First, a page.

‘No God-given right’: Justin Langer gives a VERY blunt response to player concerns and boycott fears over quarantine ahead of Brisbane Test
- Australian coach Langer quizzed about the mental effects of ‘bubble life’
- ‘Nobody’s got a God-given right to play for Australian or their country’ he said
- But an Indian report maintains the team and its Board rejects further isolation
- Indian source says visiting team feels like ‘caged pigeons [invited to] perform’
- The four Test series could be cut short if a reported stalemate is not settled
Australian coach Justin Langer has given a blunt response when asked about how life is for cricketers in a Covid quarantine on the eve of the third Test against India.
Langer was asked about the effect of being in a bubble on his team, but replied that playing for a national team was a privilege you can give up any time you want.
‘We all have a choice, that’s one thing. Nobody’s got a God-given right to play for Australia or their country. We’ve all got a choice … and every one of us can step outside of it,’ he said.
‘Nobody’s got a God-given right to play for Australia or their country. We’ve all got a choice’ said Australian cricket coach Justin Langer (pictured left)
There have been suggestions the Indian team might boycott the fourth and final Test in Brisbane. Pictured: Members of the Indian Cricket team arrive at the Intercontinental Hotel in Double Bay, Sydney, Monday, January 4
‘I’ve been very consistent in saying that if anyone can deal with it, the cricketers can. because that’s how we live most of our life anyway.’
Late on Tuesday, Australian captain Tim Paine acknowledged the uncertainty over the fourth Test was an issue starting to ‘boil over’. He said because of the power India holds in world cricket, ‘it’s likely [a change to the fourth Test] could happen’.
Langer said there wasn’t much difference for teams in lockdown anyway, given the intensity of test match preparations.
‘It’s a little bit tighter than general but we’ll get on with it,’ he said.
‘India beat us here last time, we want to make amends for that and we want to keep moving our journey forward and the only we can do that is by concentrating on what can, which is playing great cricket.’
Langer’s comments come amid fears the Indian team could boycott the fourth and final Test in Brisbane if confined to one floor of their hotel before the match at the Gabba.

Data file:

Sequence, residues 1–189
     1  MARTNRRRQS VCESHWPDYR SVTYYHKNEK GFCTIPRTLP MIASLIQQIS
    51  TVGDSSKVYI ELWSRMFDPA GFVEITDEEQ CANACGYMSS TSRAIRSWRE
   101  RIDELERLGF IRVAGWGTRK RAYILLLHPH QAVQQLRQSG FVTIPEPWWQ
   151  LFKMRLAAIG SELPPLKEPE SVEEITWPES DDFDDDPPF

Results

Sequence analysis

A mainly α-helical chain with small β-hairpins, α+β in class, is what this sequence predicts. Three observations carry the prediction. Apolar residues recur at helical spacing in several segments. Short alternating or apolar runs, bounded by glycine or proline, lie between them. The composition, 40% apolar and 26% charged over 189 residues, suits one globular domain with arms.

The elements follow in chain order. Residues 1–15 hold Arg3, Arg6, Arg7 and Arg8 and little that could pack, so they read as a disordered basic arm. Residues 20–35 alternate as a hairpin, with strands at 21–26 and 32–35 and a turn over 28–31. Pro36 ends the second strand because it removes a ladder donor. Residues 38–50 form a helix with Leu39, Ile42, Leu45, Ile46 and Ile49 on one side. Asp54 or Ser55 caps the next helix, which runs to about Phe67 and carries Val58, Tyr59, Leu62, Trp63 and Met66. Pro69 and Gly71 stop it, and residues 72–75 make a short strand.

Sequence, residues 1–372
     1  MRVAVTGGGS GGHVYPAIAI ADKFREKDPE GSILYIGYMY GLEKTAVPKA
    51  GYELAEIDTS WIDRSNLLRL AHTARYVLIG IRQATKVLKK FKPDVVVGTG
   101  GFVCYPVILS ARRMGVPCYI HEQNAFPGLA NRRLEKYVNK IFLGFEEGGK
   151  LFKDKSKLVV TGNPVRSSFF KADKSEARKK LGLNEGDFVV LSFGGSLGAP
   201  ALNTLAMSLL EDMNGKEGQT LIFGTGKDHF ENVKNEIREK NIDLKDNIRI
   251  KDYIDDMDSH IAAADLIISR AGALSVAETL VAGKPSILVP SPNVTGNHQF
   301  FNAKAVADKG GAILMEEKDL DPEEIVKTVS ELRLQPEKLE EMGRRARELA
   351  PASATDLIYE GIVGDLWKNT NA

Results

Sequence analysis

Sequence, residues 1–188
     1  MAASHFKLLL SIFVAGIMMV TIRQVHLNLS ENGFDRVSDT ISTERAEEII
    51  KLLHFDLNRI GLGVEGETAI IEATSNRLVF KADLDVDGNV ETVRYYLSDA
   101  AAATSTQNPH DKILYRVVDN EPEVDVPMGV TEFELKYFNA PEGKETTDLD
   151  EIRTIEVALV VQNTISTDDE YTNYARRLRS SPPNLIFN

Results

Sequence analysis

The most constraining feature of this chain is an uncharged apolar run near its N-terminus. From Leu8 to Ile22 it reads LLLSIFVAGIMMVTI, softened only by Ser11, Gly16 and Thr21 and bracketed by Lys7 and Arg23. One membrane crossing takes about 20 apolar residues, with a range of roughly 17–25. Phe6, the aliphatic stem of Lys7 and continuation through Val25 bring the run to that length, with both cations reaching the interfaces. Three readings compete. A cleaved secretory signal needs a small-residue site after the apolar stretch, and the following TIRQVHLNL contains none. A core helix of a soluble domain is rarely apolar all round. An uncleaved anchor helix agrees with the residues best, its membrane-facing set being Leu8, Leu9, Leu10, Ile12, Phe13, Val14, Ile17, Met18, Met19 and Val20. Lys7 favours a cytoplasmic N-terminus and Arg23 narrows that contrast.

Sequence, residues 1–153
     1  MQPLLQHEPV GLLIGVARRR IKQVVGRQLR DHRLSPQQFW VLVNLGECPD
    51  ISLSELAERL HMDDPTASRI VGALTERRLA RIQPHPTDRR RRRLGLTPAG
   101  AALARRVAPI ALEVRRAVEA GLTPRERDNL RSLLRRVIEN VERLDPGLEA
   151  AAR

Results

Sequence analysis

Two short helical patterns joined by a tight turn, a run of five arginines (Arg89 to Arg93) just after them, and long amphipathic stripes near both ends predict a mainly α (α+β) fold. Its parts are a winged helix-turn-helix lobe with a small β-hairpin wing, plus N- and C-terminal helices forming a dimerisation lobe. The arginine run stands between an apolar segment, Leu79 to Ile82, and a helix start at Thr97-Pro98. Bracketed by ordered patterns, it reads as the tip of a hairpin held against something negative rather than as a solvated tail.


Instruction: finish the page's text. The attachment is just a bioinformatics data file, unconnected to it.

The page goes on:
An Indian team source told Cricbuzz their players shouldn’t be heavily restricted if they had tested negative for Covid, adding that they underwent quarantine at the start of the tour.
‘Some of our boys have been inside a bubble for nearly six months and it’s not been easy for anyone,’ the source said.
Some of the Indian players last week broke quarantine rules that said they should only eat at an outdoor restaurant.
Five were photographed at an indoor restaurant in Melbourne on New Year’s Day, but later returned negative tests. They were Rohit Sharma, Rishabh Pant, Shubman Gill, Prithvi Shaw and Navdeep Saini.
India won the Boxing Day Test to level the series at 1-1. Australian coach Justin Langer says his team is concentrating on playing better cricket, not worrying about quarantine.
The Brisbane Cricket Ground, scheduled venue for the fourth Test, which is due to start on January 15.
Although Cricket Australia boss Nick Hockley has said the powerful Board of Control for cricket in India was ‘fine’ with a strict quarantine for the Brisbane test, the issue may not be resolved.
On Wednesday The Times of India claimed the BCCI was still determined to demand Cricket Australia places no further restrictions on Indian players.
‘If Brisbane has rules that require the team to undergo any sort of quarantine once again, then the fourth test has to be either held in Sydney, or curtail this into a three-test series and let the Indian team leave,’ a ‘highly placed source’ told The Times.
The Times also responded to comments by Queensland’s shadow health minister Ros Bates calling them ‘unwarranted and rude’.
Ms Bates had said: ‘If the Indians don’t want to play by the rules, don’t come.’
The Times added the Indian cricket team feels it is being painted as rulebreakers and treated as ‘caged pigeons [invited to] perform and entertain’.
While it is understood the BCCI has made no official complaint a day out from the Sydney Test, the Times maintains one is being prepared.